Year Established: 2014 Start Date: 2014-03-01 End Date: 2015-02-28
Total Federal Funds: $2,000 Total Non-Federal Funds: $880
Principal Investigators: Emily Clark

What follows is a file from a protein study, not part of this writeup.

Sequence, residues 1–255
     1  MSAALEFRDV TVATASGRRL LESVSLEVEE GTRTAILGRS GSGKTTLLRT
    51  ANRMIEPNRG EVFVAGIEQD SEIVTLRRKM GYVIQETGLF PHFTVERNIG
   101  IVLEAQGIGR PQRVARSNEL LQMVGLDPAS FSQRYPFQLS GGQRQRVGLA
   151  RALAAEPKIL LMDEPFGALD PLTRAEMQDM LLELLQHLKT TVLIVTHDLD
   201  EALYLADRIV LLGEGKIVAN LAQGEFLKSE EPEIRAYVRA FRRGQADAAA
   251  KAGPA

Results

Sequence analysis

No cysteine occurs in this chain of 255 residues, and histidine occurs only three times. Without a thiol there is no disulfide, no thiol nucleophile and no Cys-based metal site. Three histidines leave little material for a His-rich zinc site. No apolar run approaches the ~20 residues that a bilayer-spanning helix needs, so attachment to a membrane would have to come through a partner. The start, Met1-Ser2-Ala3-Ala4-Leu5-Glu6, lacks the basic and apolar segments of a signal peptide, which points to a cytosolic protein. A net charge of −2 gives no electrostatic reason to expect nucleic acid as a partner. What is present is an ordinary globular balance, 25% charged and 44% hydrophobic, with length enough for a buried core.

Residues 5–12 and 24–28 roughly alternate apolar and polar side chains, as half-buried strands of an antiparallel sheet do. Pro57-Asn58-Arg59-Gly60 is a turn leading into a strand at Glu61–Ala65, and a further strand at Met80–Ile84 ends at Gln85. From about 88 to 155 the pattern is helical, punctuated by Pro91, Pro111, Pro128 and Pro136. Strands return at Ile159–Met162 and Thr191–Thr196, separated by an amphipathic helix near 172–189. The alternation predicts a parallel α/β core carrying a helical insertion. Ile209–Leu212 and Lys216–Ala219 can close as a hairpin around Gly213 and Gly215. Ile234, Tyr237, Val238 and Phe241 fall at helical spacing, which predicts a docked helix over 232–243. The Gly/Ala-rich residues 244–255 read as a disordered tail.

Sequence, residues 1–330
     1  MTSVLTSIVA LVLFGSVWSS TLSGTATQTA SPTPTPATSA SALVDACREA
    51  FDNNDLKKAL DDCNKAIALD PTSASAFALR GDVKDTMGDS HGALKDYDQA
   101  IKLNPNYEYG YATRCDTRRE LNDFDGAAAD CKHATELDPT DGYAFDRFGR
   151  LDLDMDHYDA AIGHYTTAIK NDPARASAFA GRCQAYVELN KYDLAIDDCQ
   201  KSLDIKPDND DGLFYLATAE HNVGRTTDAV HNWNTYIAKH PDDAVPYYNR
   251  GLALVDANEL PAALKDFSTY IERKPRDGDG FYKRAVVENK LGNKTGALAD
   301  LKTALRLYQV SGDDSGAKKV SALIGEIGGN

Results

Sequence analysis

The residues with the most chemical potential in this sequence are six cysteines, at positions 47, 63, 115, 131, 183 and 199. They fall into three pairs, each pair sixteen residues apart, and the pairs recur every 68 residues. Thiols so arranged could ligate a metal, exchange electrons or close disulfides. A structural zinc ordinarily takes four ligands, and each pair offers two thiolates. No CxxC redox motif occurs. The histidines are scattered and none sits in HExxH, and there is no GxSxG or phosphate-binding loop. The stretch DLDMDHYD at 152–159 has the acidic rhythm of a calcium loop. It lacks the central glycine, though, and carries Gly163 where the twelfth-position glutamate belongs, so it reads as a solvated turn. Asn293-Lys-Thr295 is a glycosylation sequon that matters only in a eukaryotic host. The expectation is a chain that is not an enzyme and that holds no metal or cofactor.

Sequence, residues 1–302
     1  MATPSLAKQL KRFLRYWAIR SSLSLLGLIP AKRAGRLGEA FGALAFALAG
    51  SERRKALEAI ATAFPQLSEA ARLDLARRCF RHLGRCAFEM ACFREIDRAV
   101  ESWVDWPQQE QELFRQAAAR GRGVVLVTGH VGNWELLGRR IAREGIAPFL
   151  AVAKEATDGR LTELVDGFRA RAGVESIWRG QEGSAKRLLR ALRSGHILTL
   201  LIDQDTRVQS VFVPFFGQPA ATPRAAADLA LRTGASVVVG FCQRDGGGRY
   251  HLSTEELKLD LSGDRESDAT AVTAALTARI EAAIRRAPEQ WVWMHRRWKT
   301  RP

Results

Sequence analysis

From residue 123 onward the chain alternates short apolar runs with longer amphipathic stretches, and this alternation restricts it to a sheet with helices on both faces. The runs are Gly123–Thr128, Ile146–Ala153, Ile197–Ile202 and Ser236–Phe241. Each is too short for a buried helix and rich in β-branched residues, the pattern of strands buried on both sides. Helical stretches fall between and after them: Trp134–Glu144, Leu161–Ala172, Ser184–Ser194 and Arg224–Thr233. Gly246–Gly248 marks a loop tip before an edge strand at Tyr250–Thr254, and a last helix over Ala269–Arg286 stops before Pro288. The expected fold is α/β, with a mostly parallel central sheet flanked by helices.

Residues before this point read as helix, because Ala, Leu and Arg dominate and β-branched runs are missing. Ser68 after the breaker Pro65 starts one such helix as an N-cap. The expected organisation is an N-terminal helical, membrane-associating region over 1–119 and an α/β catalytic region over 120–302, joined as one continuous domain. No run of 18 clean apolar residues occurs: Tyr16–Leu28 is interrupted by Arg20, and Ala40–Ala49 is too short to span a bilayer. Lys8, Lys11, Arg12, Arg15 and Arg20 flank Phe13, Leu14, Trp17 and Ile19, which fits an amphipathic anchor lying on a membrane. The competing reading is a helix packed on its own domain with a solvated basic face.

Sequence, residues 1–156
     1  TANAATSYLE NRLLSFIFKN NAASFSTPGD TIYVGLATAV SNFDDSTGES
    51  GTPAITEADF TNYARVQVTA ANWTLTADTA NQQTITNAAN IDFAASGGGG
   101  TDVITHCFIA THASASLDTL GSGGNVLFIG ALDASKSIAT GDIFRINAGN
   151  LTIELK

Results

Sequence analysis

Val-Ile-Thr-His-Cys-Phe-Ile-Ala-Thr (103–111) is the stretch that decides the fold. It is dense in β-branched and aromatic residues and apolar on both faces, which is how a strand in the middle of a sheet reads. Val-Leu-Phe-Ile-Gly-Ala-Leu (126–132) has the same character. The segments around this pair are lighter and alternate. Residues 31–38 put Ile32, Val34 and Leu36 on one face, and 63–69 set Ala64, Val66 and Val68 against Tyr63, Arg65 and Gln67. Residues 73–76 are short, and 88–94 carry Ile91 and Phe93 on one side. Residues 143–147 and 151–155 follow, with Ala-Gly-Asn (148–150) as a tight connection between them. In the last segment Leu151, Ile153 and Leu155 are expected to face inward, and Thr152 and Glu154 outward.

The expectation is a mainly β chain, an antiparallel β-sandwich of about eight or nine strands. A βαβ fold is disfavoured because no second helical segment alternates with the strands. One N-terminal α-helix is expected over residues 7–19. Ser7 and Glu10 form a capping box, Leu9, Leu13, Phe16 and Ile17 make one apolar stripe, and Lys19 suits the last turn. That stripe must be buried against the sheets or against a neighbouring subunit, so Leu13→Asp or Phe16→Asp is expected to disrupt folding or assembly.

Abstract: Improving forest and water resource management in headwater basins necessitates a greater understanding of relationships among topography, soil water redistribution, and runoff production. In semi-arid mountainous regions, hydrologic connectivity represents soil zone saturation and shallow groundwater development, linking uplands to stream networks. Hillslope contributing area and geometry have been identified as first order control for lateral soil water redistribution and the degree of hydrologic connectivity to streams. This project will investigate spatiotemporal patterns of transient saturation at the soil-bedrock interface and identify hillslope morphologic characteristics that regulate hollow storage, shallow water table development, and duration of hillslope-riparian-stream connectivity. Linkages between hillslope saturation dynamics and runoff generation will be established through empirical analysis of soil properties, water table time series and hydrograph response.